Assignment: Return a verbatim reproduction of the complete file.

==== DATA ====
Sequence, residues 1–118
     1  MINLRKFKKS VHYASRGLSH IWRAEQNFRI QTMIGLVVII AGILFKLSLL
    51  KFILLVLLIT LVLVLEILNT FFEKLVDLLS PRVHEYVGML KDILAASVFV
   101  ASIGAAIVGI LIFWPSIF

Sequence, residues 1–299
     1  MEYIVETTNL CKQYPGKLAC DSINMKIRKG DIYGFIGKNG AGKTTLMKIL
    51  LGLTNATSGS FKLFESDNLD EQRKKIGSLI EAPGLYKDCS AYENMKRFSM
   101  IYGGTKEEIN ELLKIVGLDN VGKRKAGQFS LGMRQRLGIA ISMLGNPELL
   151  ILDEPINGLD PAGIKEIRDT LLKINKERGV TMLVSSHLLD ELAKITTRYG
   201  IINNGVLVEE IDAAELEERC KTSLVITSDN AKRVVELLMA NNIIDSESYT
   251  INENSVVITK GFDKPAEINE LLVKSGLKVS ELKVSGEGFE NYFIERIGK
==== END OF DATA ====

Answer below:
Sequence, residues 1–118
     1  MINLRKFKKS VHYASRGLSH IWRAEQNFRI QTMIGLVVII AGILFKLSLL
    51  KFILLVLLIT LVLVLEILNT FFEKLVDLLS PRVHEYVGML KDILAASVFV
   101  ASIGAAIVGI LIFWPSIF

Sequence, residues 1–299
     1  MEYIVETTNL CKQYPGKLAC DSINMKIRKG DIYGFIGKNG AGKTTLMKIL
    51  LGLTNATSGS FKLFESDNLD EQRKKIGSLI EAPGLYKDCS AYENMKRFSM
   101  IYGGTKEEIN ELLKIVGLDN VGKRKAGQFS LGMRQRLGIA ISMLGNPELL
   151  ILDEPINGLD PAGIKEIRDT LLKINKERGV TMLVSSHLLD ELAKITTRYG
   201  IINNGVLVEE IDAAELEERC KTSLVITSDN AKRVVELLMA NNIIDSESYT
   251  INENSVVITK GFDKPAEINE LLVKSGLKVS ELKVSGEGFE NYFIERIGK